# nanoVNA – tuning stubs using TDR mode

From time to time I have discussions with correspondents who are having difficulties using an antenna analyser or a VNA to find / adjust tuned lengths of transmission lines. I will treat analyser as synonymous with VNA for this discussion.

The single most common factor in their cases is an attempt to use TDR mode of the VNA.

## Does it matter?

Well, hams do fuss over the accuracy of quarter wave sections used in matching systems when they are not all that critical… but if you are measuring the tuned line lengths that connect the stages of a repeater duplexer, the lengths are quite critical if you want to achieve the best notch depths.

That said, only the naive think that a nanoVNA is suited to the repeater duplexer application where you would typically want to measure notches well over 90dB.

## Is it really a TDR?

The VNA is not a ‘true’ TDR, but an FDR (Frequency Domain Reflectometer) where a range of frequencies are swept and an equivalent time domain response is constructed using an Inverse Fast Fourier Transform (IFFT).

In the case of a FDR, the maximum cable distance and the resolution are influenced by the frequency range swept and the number of points in the sweep.

$$d_{max}=\frac{c_0 vf (points-1)}{2(F_2-F_1)}\\resolution=\frac{c_0 vf}{2(F_2-F_1)}\\$$ where c0 is the speed of light, 299792458m/s.

Let’s consider the hand held nanoVNA which has its best performance below 300MHz and sweeps 101 points. If we sweep from 1 to 299MHz (to avoid the inherent glitch at 300MHz), we have a maximum distance of 33.2m and resolution of 0.332m.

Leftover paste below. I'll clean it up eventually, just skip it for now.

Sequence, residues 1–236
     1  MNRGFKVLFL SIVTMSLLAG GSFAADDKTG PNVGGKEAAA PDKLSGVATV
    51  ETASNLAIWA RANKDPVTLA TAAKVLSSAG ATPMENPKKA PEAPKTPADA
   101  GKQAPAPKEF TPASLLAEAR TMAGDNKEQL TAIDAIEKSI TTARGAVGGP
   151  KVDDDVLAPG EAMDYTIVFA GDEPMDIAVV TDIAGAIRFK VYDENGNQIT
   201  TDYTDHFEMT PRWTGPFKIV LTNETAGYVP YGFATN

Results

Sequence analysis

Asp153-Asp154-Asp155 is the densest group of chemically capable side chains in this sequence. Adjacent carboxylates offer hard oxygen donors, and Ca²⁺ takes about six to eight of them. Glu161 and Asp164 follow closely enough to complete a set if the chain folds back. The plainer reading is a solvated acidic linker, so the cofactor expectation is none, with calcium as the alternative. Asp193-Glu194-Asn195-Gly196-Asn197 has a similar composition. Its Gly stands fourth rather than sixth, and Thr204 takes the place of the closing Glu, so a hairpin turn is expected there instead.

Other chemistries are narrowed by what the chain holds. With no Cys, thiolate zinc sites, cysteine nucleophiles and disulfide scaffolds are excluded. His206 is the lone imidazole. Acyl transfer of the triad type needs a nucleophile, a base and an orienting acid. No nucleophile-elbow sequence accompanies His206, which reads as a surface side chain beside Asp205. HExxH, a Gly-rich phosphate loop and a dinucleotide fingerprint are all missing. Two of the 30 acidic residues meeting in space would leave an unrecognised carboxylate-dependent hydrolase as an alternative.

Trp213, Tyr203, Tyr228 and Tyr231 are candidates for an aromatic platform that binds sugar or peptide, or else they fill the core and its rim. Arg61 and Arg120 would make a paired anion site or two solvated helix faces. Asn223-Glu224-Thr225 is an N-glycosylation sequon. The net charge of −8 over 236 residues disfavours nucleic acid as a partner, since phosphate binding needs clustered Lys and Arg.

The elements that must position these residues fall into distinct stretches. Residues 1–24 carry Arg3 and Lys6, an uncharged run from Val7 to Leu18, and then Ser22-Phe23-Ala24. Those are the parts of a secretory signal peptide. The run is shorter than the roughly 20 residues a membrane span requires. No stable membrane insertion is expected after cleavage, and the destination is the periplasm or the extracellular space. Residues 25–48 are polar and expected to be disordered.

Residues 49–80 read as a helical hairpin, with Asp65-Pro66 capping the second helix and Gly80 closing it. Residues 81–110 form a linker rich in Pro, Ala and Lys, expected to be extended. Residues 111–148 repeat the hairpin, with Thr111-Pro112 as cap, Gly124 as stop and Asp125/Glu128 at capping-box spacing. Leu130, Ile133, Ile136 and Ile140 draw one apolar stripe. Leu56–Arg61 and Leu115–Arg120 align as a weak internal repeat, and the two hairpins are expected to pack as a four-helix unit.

Here is such a sweep of a cable of length around 1.2m.

The marker is close to the apparent peak of the response at about 11.8ns (1.17m), and each step of the marker is 1.3ns (0.129m).

If we sweep to 900MHz, we do get better resolution (albeit for shorter dmax).

The resolution is reduced to 0.435ns (0.043m)

If you want mm resolution for short line sections, you need a VNA that sweeps a much wider frequency range and / or much more sweep points.

Above, nanoVNA-saver results on the same DUT with smoothing of 100 sweeps produces a nice clean looking graph and a calculated distance to fault of 1.222m, mm resolution implied by the number format… but are you mislead?

## What can we do with the nanoVNA?

We can do a s11 sweep of a short circuit or open circuit line section (just as in the FDR / TDR case), but make the sweep quite narrow (ie high resolution) around a quarter wave or half wave resonance.

Above is a very narrow sweep with 1kHz resolution at 40MHz, ie 0.0025% resolution. From the interpolated resonance frequency of 40.4MHz and previously measured vf, we can calculate the physical length to be 1.224m… with resolution of 0.0000306m.

## Distance to fault

Many analysers and VNAs sport a Distance to Fault mode, and it is commonly a FDR implementation. These can be very effective productivity tools in identifying not just cable opens and shorts, but loose connectors, pinched cable etc.

The foregoing discussion shows that FDR / Distance to Fault may not be adequate for tuning of critical line sections, but it often has sufficient resolution for identifying the locality and severity of a fault.

Things have come a long way in the around 150 years since Oliver Heaviside successfully applied his mind to location of faults in submarine telegraph cables.

## Conclusions

Whilst the TDR mode of a VNA looks an appealing way to measure line length, with low end instruments like the nanoVNA it does not have adequate resolution for demanding applications.